Yes I live in the desert, Yes near commercial growers( alfafa, carrot, potatoe). I have read the Saanendoah website 100's of times and I use to follow it to the letter. Weigh the goats get out the gram scale, measure out the bolus. etc.. anyhow it just didnt work for our farm with deaths happening . the test came back with super incredibly high copper levels so I do not do it anyone and actually have not had really any issue with copper shortage type problems, My goats are large , great coats and beautiful, So will not be doing the copper bolus which is why I want to get them a really good mineral. If I do see any type of "copper related issues" I will give them a shot of cattle min max,( I do give this the day before or after the does kids for an extra boost) even though it doesnt stay in the system all that long. it works well for our farm, I was trying to get input on the onyx its self. when I put it out yesterday they ate some and walked away so it looked like they were self regulating but again since they are my prized show goats, I pulled it out of the feeders so I could do more research , even thought i feel I researched the tar out of it before I order it..hahahha. I only have access to the purina goat mineral, the one that I mentioned above and the good ol red salt bagged mineral I guess I could mix that will a little onyx since I dont want to waste it. and my goats are again out of minerals. my husband is getting mad at me because he says i keep "experimenting" and its costing us money. Thats really not my intention if I could just find something that is cheaper then 45.00 that works would be awesome. so thats why I thought to switch to onyx because I heard alot of goat people using it. now I may have made a mistake again.

    Melissa
     
  8. buckrun

    buckrun New Member

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    Thanks for that additional background Melissa. I was very curious because the area is not known for overdose but rather deficiency so wondered if it was environmental or management. If you are using the Mineral Max in conjunction with bolus and oral loose mineral as well- keeping in mind there is a mineral pack in your pelleted ration too you could very well induce overdose. I hope you can find what works. The onyx seems to work for many people on this forum and it does sound like they are self regulating and with out the bolus it should be just fine. Changing too quickly will not let you know. It would take more time and observation to know if they were going to overconsume. Mineral max is readily available in the system- it is in the carbonate form and so you could easily have 'topped off' the levels of tolerable if they were getting so many other sources of copper. Perhaps your feed has high enough copper and you don't need a loose mineral. Do you know the copper content of your feed? Is your graze watered with agricultural runoff? What is the primary intake for the goats?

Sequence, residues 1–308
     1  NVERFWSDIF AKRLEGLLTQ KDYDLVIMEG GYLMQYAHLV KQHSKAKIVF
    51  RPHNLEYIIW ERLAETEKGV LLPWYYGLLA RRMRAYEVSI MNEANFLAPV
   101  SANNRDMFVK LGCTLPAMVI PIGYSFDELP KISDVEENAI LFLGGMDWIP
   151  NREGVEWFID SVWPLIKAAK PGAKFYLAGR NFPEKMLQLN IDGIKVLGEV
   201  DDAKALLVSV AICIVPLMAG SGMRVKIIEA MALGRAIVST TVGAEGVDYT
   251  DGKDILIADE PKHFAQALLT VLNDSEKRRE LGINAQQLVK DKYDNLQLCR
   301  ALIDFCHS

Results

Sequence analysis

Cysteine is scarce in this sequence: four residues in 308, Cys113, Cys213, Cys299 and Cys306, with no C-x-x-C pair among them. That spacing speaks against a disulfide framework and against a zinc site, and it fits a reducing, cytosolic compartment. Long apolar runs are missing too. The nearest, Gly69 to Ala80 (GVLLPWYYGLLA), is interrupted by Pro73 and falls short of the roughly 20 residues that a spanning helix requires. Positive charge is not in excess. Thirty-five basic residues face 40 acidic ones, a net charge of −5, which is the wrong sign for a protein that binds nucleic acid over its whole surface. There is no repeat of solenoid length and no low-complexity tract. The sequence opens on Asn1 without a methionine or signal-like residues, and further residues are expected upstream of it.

Your forage or hay?

    I am asking about your bulk because some alfalfa if grown in conjunction with the proper bacteria which establishes in older fields can accumulate copper and zinc beyond the norm and well beyond grass hay.
     
  9. NubianSoaps.com

    NubianSoaps.com New Member

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    When you use a mineral like Onyx that isn't sweet, and doesn't contain the grain in it like the other mineral, they will only go to the mineral for the salt. That is preferred and limits consumption. By scewing the intake with grain or a lot of molassas, the goats eat alot more of the mineral, which makes you think it means it's a better mineral, they surely are eating it because they are missing something in their diet, when nothing is further from the truth.

    It simply isn't that hard, but I would not be bolusing and using minerals with higer than normal amounts of copper in it, Joyce warns against this on her site...it feaked her out that my Tech Master had such good forms of copper in it and I was bolusing my bucks before getting good liver biopsies back. And a freshly bolused goat, who gets a liver biopsy will have a scarry high score as we have seen on this form, we simply never have seen this, but i think it's because of our iron ore so blocking absorpition and why I don't feed a red mineral. I had Joyce though to help me read my first liver biopsies, because my vet admitted that she knew nothing, in fact she thought originally it was a huge waste of time :)
     
  10. R and R Farms

    R and R Farms New Member

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    Vicki, I am researching minerals right now and noticed your statement about the Onyx only containing copper sulfate. I also noticed an older post (2008) on the HT forum where you posted the ingredients to Techmaster and they too contained only copper sulfate. Was this a misprint or has Bluebonnet changed their ingredients in the last couple years?